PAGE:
Yesterday, Microsoft announced Project xCloud, a new streaming service that will apparently let people play their favorite Xbox games from any device including your tablet, smartphone, PC, and of course, your gaming console.
In a blog post, Microsoft's Corporate VP for Gaming Cloud, Kareem Choudry, said cloud game-streaming is a "multi-faceted, complex challenge".
U.S. tech giant Microsoft is now testing a streaming service for its Xbox console titled Project xCloud. The company has not revealed any information on its pricing, texture and how it will work with your save data (or not) if you also play games on an actual Xbox.More news: Meet Spock in ‘Star Trek: Discovery’ Season 2 Trailer!
"Our goal with Project xCloud, it is to deliver a quality experience to all players, on all media, which remains consistent with the speed and high-fidelity experiences that players are experiencing and are waiting on their PCs and consoles." says Microsoft on its website.
Users will be able to connect Xbox controllers to supported devices, such as smartphones through Bluetooth and an adaptor, or play them with regular controls, like touchscreen.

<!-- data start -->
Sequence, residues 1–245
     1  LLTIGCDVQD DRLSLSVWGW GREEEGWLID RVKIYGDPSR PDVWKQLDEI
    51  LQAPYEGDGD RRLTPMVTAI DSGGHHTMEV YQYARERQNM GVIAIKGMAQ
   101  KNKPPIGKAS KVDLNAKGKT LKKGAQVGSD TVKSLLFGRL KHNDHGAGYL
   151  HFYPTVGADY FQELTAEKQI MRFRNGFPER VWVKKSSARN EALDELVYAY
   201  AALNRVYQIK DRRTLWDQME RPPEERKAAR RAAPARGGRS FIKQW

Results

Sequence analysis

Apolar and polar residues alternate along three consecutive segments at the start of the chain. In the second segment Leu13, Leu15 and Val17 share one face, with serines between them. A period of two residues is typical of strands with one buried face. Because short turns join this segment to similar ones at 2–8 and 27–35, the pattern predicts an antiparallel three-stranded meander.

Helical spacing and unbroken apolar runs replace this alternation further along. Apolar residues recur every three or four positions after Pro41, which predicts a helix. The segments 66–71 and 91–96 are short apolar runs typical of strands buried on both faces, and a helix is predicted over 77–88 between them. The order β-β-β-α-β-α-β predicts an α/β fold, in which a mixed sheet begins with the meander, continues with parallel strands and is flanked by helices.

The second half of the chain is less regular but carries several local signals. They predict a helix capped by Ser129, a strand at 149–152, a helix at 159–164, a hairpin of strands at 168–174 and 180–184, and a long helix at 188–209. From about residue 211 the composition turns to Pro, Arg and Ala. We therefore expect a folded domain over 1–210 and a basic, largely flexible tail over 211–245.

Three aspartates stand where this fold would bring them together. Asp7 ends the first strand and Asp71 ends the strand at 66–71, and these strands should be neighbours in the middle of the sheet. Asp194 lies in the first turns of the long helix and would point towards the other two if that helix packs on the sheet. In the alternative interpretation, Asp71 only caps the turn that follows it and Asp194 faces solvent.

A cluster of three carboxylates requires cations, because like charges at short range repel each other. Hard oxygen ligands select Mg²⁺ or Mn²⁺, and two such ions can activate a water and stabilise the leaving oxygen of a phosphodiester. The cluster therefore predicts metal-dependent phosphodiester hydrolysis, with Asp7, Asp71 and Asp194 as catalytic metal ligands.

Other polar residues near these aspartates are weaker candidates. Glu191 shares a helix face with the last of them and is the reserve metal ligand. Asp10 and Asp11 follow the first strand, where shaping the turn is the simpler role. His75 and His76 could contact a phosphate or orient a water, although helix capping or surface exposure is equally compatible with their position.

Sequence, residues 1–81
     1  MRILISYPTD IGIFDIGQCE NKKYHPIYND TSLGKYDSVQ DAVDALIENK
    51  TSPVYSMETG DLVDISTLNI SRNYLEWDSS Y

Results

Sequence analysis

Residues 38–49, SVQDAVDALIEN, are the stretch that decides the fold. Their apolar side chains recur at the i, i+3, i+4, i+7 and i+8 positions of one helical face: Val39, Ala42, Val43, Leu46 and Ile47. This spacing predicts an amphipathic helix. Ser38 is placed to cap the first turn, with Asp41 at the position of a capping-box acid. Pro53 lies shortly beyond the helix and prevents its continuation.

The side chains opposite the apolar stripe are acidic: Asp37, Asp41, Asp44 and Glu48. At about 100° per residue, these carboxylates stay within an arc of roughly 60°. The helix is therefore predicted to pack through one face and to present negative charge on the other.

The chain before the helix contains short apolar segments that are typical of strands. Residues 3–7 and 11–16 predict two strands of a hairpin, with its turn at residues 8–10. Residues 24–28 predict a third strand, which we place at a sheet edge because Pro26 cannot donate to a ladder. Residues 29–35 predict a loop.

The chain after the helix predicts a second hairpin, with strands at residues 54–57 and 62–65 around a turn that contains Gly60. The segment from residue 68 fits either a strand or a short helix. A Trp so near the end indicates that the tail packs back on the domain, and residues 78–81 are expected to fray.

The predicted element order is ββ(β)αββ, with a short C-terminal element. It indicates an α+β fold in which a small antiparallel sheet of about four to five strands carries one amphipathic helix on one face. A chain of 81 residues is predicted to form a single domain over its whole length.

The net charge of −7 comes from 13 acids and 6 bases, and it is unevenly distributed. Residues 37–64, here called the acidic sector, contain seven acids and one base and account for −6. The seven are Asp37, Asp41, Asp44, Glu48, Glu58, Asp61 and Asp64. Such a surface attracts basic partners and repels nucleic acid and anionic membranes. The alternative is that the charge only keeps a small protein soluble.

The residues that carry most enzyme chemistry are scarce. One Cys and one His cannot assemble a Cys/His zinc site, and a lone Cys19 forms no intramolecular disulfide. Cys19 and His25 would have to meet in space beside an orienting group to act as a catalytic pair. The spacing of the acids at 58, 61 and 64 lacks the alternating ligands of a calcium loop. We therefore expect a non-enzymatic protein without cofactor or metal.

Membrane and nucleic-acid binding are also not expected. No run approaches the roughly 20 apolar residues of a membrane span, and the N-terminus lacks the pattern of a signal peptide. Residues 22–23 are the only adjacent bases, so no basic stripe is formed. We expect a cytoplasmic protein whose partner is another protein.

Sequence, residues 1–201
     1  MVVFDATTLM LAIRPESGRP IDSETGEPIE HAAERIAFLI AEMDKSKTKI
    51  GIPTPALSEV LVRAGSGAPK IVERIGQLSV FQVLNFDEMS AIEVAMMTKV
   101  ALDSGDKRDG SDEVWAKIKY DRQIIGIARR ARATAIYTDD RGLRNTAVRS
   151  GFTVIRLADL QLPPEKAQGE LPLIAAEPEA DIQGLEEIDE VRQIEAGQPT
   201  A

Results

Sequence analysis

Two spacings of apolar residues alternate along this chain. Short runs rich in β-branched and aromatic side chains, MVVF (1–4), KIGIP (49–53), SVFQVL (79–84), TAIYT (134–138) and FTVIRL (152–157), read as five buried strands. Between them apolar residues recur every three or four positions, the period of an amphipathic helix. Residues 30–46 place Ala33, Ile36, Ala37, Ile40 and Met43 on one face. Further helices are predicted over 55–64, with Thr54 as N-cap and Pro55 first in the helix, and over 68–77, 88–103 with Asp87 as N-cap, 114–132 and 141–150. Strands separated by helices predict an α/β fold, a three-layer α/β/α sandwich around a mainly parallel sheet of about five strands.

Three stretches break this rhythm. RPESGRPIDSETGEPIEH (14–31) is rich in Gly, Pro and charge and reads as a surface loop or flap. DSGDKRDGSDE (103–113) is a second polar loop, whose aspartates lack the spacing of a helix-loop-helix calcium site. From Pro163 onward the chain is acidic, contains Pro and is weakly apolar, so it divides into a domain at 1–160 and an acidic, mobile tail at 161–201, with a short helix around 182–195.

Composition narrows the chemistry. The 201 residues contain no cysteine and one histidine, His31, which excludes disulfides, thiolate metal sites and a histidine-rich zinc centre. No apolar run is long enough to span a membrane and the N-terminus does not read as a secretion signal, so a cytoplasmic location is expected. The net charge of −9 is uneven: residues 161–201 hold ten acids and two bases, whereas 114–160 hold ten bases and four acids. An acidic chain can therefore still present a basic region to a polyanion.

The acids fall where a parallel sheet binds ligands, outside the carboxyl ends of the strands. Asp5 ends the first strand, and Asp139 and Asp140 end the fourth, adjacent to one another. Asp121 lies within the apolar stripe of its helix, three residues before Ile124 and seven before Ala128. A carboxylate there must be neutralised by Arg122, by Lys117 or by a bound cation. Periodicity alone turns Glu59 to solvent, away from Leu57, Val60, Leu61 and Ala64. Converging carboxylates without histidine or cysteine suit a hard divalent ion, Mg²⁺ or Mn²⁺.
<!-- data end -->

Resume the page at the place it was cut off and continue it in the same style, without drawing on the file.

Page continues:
Now Microsoft has announced Project xCloud which would allow gamers to stream games to any device they wish. Microsoft has also started installing Xbox One hardware in its Azure data centers that spans 54 regions and cover 140 countries. Projects like xCloud will enable players to play their favorite games on any device with the internet and that can be controlled. The company is developing a new, game-specific touch input overlay that provides maximum response in a minimal footprint for players who choose to play without a controller.More news: XXXTentacion’s Mother Accepts Award For "Favorite Soul/R&B Album" At AMA’s
Microsoft reckons its Azure datacenters (two of which are headed to South Africa before the sun sets on 2018) have the scale to meet the demands of Project xCloud and we tend to agree.
This future maker will empower you, the gamers, and it will place you in the middle of the gaming experience. Right now in their tests, the streaming service runs at 10 megabits per second. With the next PlayStation and Xbox surely coming out in the next year or two, will streaming really take over as Microsoft wants it to?
The team at Microsoft Research are working towards creating ways to curb the latency with the help of advancement in networking topology and video decoding and encoding.More news: Brits brace for 'the other' royal wedding
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